The Zodiac sign is not the constellation
The constellation of Ophiuchus, 1729. Plate 22 from Atlas Coelestis, by John Flamsteed (1646-1710), the first Astronomer Royal.

Italian version

It is important to note that zodiac signs are determined by dividing the ecliptic, the sun’s apparent path throughout the year as seen from the Earth, into twelve sections. On the contrary, constellations are patterns made by connecting visible stars and were invented during the Egyptian era for easy memorisation of the times for sowing, harvesting, and Nile flooding based on the heliacal rising [1] of the stars.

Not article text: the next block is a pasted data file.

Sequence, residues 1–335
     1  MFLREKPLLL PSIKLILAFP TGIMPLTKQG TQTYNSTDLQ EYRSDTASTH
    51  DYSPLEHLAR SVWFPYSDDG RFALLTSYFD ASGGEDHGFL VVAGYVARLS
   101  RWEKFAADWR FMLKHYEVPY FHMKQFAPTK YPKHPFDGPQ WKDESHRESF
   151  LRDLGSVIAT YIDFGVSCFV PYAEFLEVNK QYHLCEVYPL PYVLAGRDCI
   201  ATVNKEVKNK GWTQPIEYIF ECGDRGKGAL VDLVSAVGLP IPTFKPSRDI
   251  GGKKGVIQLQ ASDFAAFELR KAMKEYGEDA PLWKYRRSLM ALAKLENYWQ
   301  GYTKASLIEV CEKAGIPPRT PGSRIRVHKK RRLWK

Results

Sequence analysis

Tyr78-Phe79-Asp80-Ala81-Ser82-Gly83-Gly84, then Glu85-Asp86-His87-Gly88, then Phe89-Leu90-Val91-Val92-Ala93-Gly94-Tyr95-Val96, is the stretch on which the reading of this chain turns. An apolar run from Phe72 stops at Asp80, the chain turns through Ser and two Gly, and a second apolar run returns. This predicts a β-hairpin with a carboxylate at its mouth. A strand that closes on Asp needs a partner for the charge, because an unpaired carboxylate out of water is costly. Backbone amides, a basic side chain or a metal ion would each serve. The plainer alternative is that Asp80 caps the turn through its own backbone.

Thus, the Western zodiac is based on the seasons and divides the sky into twelve sections, in analogy to the solar radiation levels during different times of the year. Although the Earth’s orbital axis precession causes the reference constellations to shift by one degree every 72 years, this doesn’t impact the symbolic design of the tropical zodiac, which remains intact.

[1] The heliacal rising of a star occurs once a year when it becomes visible above the eastern horizon just before sunrise.